Highlighting Jewish American Collections

Students in the Columbia Jewish Club, c. 1932 (University Archives)

In honor of Jewish American Heritage Month (May), we’re highlighting unique materials relating to the history of the Jews in the Americas.  In the past, of course, we’ve discussed the 18th century history of Hebrew and Jewish materials in the Columbia context, but the vast collections in the Rare Book and Manuscript Library highlight many aspects of the diverse Jewish American experience.

We can start with a uniquely Columbia story about Kings’ College President Myles Cooper acting as a courier, taking a Bible manuscript owned by a Jew named Sampson ben Joseph Simson in New York to London for the use of Benjamin Kennicott in his monumental work on the Hebrew Bible in the late 18th century. Simson’s nephew, also called Sampson, gave a commencement address in Hebrew at Columbia in 1800 which was written with the assistance of Gershom Seixas, the Jewish Columbia Trustee from 1787-1815. (For more on the address, see: Isidore S. Meyer, “The Hebrew Oration of Sampson Simson,” in Publications of the American Jewish Historical Society, Vol. 46, No. 1 (September, 1956), pp. 51-58).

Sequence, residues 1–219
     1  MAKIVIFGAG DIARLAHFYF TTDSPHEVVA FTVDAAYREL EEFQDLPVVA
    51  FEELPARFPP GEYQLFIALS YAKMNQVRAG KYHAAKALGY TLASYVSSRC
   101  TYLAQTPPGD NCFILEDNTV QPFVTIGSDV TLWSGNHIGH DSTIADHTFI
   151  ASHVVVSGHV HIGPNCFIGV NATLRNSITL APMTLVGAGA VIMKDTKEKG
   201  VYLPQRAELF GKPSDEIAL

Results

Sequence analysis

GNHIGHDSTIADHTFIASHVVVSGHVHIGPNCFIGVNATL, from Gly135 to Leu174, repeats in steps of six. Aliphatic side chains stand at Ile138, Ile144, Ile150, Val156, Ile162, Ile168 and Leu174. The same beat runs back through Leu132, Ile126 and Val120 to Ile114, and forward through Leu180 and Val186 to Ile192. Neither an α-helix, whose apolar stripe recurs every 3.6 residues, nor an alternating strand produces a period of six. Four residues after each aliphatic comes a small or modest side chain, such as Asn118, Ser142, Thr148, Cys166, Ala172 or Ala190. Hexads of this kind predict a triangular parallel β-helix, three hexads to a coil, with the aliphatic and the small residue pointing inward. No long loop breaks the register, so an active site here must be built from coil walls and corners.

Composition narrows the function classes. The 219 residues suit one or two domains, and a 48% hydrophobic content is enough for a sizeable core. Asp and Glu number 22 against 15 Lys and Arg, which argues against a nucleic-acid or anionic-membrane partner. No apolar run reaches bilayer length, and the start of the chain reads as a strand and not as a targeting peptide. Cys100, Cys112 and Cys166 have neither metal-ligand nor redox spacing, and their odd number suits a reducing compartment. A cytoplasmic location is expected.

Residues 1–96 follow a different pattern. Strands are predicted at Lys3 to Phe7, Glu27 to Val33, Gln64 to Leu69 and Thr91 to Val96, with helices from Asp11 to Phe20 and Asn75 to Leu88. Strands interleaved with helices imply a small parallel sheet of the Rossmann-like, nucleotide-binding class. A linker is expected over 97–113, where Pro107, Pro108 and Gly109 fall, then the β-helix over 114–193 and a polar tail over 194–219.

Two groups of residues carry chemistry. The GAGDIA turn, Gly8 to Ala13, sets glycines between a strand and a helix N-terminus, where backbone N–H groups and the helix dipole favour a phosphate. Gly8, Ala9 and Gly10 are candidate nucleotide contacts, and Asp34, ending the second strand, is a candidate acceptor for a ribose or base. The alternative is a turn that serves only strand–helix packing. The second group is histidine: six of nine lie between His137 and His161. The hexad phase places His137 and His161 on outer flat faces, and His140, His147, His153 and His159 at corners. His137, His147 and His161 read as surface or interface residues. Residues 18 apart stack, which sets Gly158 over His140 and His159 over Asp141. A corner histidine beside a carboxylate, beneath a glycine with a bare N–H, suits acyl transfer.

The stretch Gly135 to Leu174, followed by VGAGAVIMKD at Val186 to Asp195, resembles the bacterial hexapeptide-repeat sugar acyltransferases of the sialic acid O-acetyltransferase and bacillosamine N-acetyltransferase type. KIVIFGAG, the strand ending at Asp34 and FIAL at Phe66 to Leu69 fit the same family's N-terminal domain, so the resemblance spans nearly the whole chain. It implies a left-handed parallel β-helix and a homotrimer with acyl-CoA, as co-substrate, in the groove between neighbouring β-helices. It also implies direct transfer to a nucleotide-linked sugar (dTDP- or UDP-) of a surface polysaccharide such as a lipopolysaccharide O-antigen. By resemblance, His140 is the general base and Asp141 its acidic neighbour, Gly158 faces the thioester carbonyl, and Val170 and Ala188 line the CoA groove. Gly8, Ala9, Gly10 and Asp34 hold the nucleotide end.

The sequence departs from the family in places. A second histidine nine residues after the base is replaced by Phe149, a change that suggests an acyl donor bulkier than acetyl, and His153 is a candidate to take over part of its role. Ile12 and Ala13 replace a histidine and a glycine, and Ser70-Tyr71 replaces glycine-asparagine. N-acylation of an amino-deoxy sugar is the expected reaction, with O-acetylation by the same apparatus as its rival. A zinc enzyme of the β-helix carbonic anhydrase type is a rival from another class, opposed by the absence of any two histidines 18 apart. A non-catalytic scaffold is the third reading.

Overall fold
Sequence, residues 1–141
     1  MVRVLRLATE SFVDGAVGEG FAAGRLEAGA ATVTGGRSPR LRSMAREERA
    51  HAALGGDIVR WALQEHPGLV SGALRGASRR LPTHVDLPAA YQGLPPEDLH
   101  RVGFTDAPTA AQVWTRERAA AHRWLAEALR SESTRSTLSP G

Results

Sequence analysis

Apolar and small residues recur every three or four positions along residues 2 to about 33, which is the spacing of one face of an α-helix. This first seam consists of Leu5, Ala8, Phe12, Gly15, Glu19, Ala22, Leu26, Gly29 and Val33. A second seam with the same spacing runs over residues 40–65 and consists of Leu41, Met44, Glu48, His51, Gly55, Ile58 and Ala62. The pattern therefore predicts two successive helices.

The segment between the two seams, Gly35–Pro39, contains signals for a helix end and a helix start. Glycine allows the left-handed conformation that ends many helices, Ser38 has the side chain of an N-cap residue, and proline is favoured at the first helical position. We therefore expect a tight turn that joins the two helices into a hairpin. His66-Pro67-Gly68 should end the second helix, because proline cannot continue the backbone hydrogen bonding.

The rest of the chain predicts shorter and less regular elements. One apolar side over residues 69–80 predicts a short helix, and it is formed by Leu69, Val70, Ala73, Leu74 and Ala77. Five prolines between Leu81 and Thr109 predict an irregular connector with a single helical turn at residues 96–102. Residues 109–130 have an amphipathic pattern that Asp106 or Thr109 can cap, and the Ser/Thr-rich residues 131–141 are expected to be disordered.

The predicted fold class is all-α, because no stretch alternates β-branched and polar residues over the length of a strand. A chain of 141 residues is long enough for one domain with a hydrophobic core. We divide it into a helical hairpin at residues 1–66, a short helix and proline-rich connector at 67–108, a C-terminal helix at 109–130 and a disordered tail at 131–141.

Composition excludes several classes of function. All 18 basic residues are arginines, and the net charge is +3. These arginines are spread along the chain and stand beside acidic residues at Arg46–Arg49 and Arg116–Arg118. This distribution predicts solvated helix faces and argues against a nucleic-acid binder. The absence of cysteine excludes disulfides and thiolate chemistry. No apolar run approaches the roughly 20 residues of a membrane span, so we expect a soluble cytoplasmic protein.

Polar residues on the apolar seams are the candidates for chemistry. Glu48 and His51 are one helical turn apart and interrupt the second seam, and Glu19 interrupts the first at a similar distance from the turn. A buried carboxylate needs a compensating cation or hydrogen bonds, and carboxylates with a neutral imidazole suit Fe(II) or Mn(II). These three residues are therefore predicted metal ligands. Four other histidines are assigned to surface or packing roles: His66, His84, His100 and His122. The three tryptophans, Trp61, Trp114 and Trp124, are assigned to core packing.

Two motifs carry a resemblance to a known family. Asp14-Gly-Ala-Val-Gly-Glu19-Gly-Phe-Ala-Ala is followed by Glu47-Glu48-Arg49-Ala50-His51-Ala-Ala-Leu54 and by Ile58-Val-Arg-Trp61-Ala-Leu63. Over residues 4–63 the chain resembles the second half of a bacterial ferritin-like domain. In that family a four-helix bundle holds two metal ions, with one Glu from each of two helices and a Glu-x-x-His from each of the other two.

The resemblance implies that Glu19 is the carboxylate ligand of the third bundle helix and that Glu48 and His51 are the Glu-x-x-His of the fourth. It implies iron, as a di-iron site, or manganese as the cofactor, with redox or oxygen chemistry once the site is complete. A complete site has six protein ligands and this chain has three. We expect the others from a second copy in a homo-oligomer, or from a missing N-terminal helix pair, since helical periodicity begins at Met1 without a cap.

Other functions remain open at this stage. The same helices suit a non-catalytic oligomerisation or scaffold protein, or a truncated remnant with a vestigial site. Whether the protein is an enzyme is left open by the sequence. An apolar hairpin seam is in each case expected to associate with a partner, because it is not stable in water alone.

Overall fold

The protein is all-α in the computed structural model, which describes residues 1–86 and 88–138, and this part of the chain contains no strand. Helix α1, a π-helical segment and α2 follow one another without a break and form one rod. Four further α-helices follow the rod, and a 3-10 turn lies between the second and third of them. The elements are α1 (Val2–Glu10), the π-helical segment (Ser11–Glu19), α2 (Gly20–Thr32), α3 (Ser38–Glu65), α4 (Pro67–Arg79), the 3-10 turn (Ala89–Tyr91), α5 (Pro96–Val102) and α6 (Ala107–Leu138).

Because the Columbia collection is a relatively old one within the American context, there are quite a few materials that speak to American Jewish Heritage. On the left is an example from the Park Benjamin collection – a Discourse, delivered at the Consecration of the Synagogue of [She’erith Israel] in the City of New York (April 17, 1818). Shearith Israel was originally built in 1730, and is the oldest building in continental North America to be built specifically as a synagogue. Mordecai Noah’s speech was given on the occasion of the synagogue’s move from its first location on Mill Street (now South William Street in the Wall Street district of New York City) to a larger location on the same block.

M. M. Noah’s discourse on the consecration of Shearith Israel (1818)

An unusual manuscript, written on cheap paper, and with the name of a street on each page, is a list of Jews living in New York between 1892 and 1893. Possibly compiled by a charity collector from Palestine, the book, lists almost 700 names of Jews on the Lower East Side and Brooklyn, along with what seems to be the amount donated: